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Malfunctioning elevators worry elderly residents

By Hank Sims Daily Planet correspondent
Friday September 07, 2001

Last Saturday, the doors closed behind 88-year old Bea Geller, but the little elevator didn’t budge. And the doors wouldn’t open again. None of the buttons responded.  

“Nothing was working,” she said. “It was an awful feeling.” 

Thankfully, when she picked up the emergency phone she heard a voice on the other end of the line. Since the elevator wasn’t between floors, the man at the front desk could open the doors by activating an emergency system.  

“If Bob weren’t there, I could have been trapped for hours,” Geller said. “I felt scared... and angry.” 

Many of the other 160 tenants at Strawberry Creek Lodge, a residential facility for elderly people on Addison Street near Bonar Street, were angry too. The primary elevator in the four-story building had been out of service for almost nine weeks. When that elevator went out, a resident was trapped inside for almost two hours. So when the small elevator that nearly stranded Geller went out again on Sunday evening – leaving mobility-impaired residents stranded until Monday morning – the tenants’ association decided it was time to take action. 

Several suggestions were made at the tenants’ association meeting Tuesday. Some people thought the association should hire an attorney. Others thought that residents most endangered by faulty elevator services – people in wheelchairs, or those too frail to negotiate the stairs – should be moved into hotels. Still others thought that tenants should go to Oakland and picket the Otis Elevator Company. 

According to tenants, it is Otis that should carry most of the blame for a summer’s worth of broken elevators. In 1994, the company replaced the jacks – the large hydraulic devices that move the elevators up and down – on Strawberry Creek Lodge’s main elevator. They did not, however, install a double-bottomed hydraulic cylinder, which would have prevented the leaks in the system that caused the main elevator’s failure. The smaller elevator’s service interruptions were due to an electronic failure. 

Otis Elevator has now begun the work to replace the jacks on both elevators, and is scheduled to complete the job by Sept. 11. The company has offered its services free of charge. But there is some question as to whether the company was, in 1994, contracted to install the double-bottomed jacks. Lois O’Connell, Strawberry Creek Lodge manager, said that Otis’ policy at the time was to phase out single-bottomed jacks – the implication being that they probably should have installed the double-bottomed ones. O’Connell said that Otis has lost the paperwork on the 1994 job, a fact which in part led the company to do the repair work without charge.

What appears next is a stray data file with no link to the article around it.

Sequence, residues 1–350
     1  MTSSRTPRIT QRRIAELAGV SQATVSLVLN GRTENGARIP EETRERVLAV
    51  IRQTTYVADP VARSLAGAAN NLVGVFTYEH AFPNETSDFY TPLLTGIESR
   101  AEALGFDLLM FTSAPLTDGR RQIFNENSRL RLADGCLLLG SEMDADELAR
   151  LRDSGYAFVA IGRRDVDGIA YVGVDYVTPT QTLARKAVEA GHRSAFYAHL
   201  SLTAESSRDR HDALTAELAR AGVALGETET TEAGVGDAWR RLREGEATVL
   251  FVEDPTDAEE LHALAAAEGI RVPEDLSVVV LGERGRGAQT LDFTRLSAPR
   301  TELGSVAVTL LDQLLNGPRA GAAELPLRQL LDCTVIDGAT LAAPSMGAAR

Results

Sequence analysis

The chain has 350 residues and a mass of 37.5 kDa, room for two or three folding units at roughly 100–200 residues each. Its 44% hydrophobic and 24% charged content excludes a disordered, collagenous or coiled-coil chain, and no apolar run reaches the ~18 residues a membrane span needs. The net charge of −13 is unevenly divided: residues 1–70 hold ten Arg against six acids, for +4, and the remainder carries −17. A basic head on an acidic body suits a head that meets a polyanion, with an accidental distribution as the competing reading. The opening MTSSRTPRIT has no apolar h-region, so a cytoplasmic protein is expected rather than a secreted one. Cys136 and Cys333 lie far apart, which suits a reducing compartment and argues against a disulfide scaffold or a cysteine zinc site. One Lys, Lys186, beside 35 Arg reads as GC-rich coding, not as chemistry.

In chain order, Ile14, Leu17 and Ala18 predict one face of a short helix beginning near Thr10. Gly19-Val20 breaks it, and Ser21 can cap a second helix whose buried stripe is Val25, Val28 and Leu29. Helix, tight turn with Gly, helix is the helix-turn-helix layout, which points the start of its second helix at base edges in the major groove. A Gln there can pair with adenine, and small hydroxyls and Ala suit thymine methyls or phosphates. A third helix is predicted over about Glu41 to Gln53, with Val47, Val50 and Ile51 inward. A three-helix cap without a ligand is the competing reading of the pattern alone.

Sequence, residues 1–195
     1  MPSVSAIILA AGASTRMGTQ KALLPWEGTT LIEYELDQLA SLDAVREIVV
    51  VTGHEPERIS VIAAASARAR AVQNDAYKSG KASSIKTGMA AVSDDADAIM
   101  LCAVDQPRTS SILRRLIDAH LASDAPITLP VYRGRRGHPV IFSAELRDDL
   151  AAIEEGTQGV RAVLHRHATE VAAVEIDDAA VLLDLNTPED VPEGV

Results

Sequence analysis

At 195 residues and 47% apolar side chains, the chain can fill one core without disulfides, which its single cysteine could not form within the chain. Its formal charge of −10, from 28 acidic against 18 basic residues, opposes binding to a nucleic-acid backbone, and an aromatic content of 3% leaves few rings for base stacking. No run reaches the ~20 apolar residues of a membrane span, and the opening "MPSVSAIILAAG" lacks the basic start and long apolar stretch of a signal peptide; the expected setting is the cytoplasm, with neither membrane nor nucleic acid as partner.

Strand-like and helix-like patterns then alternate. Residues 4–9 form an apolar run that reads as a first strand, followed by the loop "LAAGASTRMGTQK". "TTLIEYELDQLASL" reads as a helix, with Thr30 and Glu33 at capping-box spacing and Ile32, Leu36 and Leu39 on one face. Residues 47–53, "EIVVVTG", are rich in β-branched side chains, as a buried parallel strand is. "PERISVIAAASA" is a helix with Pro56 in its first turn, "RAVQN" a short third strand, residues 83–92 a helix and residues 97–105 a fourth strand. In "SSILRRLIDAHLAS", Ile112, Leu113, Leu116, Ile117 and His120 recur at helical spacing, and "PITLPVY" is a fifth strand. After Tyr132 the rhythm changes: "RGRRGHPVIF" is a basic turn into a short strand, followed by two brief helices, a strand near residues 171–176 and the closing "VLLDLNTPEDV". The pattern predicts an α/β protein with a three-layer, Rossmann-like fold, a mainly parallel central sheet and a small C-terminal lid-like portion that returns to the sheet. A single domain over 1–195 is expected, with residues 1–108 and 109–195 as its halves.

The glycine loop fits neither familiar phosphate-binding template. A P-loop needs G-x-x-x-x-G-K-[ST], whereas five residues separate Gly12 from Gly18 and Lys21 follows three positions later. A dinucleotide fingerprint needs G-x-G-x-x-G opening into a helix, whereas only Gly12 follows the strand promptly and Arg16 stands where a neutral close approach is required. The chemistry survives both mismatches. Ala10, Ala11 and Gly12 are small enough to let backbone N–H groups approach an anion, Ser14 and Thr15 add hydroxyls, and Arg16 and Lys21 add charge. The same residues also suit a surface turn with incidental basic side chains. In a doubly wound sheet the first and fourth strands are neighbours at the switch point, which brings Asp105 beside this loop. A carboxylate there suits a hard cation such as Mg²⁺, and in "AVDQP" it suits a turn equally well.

Otis Elevator could not be reached for comment. 

Though the work is underway, resentment lingers at Strawberry Creek Lodge – and some of it is directed at the people who run the building. 

“Had I been in management’s seat, I might have hollered a little more than they did,” said Sidney Efross, the president of the tenants’ association. Efross is upset that the problem has taken so long to resolve. 

“On the whole, they are not treating this as an emergency,” said Saeeda Khan, a 22-year resident. “For us it is an emergency.” 

“One day I was climbing up the stairs. In front of me was a woman who was really gasping, holding her hand to her chest. I was afraid that she would have a heart attack.” 

O’Connell said that she is aware of the tenants’ concerns, and that her staff is doing everything it can to get the job completed and to help tenants during the crisis. When both elevators were out of service Sunday night, staff called all the mobility-impaired residents in the building to let them know that they would be on hand to assist them. 

“I think the tenants think that we and Otis are not taking this very seriously,” she said. “I don’t know how we could take it any more seriously.” 

“My impression is that Otis is really dealing with us in good faith. I think they definitely take this as an emergency.” 

Still, tenants charge that if Otis and Strawberry Creek management truly considered the situation an emergency, it would not have taken so long to resolve. 

“You kind of get the feeling that since Otis is doing it all for nothing – and not out of the goodness of their hearts, but under duress – that it’s not at the top of their list,” said Efross. 

O’Connell said that several factors, including initial uncertainty about what was causing the problem, where to lay blame for the jack failure and the difficulty of quickly obtaining the 40-foot jacks, have all contributed to the delay. She said that she and her staff, and Otis, have been working on this problem continuously. 

“But for the tenants, there is only one variable,” said O’Connell. “They’re stuck. I don’t blame them for being angry.”